Alone, in the dark.
Famous thriller writer Alan Wake and his wife Alice are on vacation, leaving the urban clamour of New York City for the picturesque mountain town of Bright Falls. They hire a cabin, collecting the keys from an extremely sinister old woman dressed in black. Alice has a surprise for Alan, but before he has a chance to undo his belt and suck in his stomach she unveils a typewriter. She’s consulted a therapist about Alan’s ongoing writers block and thought the change of scenery would stimulate him.
What would you do? Embrace your loved one? Tell her she’s the most wonderful person in the world? No. You fly into a rage, swear at your wife and storm out of the cabin and into the darkness she’s terrified of- because you’re Alan Wake, and you’re an asshole.
Alan isn’t an antihero: he’s a dick. When his wife is swallowed up by a primordial darkness, he lashes out at the townspeople and his friends. He breaks out of a police station even though the sheriff is perfectly nice to him. He gets drugged and spends the day dozing in a trailer park, then he runs away from the police and FBI. At the risk of spoiling the plot further, these are only some of Wake’s many acts of pure dickulence. He is convincingly unbelievable: his sarcastic one-liners are nothing you haven’t heard before, but his behaviour is so stupid it could only occur in a video game or an episode of Heroes. Alan’s agent Barry is one of the finest game characters in recent memory: he’s funny, kind-hearted and genuinely worth saving from danger (even if Alan isn’t). Other bit-players like the town sheriff, sinister psychotherapist and town-nut-who-actually-proves-to-be-the-sanest-of-them-all-who-would-have-thought are well-worn stereotypes.
Like a great novel, Alan Wake’s story sucks you in. Like any horror novel, it’s stuffed full of clichés and events so predictable you’ll swear you have precognition. Poor Alan loses his wife and around two weeks of his life, and the all-but-zombified townspeople aren’t much help. This is probably because they’re being possessed by a dark presence that makes them go berserk and try to murder him. He starts finding pages of an unfinished manuscript that he can’t remember writing, which eerily foreshadows the events to come. It’s quite a clever way to add depth to the plot without having a lot of tedious cutscenes, which the game is generally very good at avoiding. It also means that if you’re not bothered with the story you can plough ahead (and that would be a very, very stupid thing to do), killing the monsters and missing the point. For this is a game that’s about immersing yourself in the environment much more than just blowing it up.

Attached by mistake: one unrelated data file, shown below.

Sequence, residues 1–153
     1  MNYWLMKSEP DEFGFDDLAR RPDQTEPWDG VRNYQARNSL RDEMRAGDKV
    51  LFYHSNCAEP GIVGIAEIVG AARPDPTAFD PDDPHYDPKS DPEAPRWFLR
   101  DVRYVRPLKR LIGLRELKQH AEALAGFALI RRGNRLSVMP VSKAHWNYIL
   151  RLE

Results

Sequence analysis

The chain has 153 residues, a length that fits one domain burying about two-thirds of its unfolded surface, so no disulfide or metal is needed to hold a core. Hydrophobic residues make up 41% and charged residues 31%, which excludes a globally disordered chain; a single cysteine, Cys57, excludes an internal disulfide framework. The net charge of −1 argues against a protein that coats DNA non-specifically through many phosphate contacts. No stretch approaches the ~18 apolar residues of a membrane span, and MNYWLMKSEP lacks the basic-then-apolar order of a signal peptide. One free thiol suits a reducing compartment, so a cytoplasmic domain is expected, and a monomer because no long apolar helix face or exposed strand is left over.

Most of your time is spent exploring the dense forests and haunted settlements of the ironically-named Bright Falls. The town is arguably the game’s strongest character, rich in stunning scenery and shanty towns. By day, light imbues it with a comforting glow: you don’t realise at first but Remedy are deliberately making you feel at ease in the environment, only to pull the rug out from you later. By night, the town is drenched in shadow and foreboding. Wake’s journey takes him deep into the heart of the forest where every inch looks the same, save for a thin gravel track weaving through the darkness. A dark fog begins to envelop the forest until you can hardly see the way ahead… that’s when the former townspeople come for you.
Remedy’s last game was the cinematic action title Max Payne, and it shows. The combat is cinematic, brief and intense- long waits of wearing down the enemies with your flashlight, punctuated with bursts of gunfire. The camera pans to follow your flare gun round as it explodes in the face of the nearest woodsman. Foes rely on melee attacks rather than firearms of their own, but they come at you so quickly you’ll barely have time to squeeze a few rounds off before they’re in your face swinging something sharp and bloody. It’s generally a short-lived affair but each encounter feels like it could be your last. While the gun fights are undoubtedly exhilarating, they only really work in the overall context of the game’s atmosphere. A pure distillation of combat mechanics extended over a twelve hour game would be a rough drink to swallow: that’s why you get it served up in shots with a nice soft drink of exploration after to steady your nerves.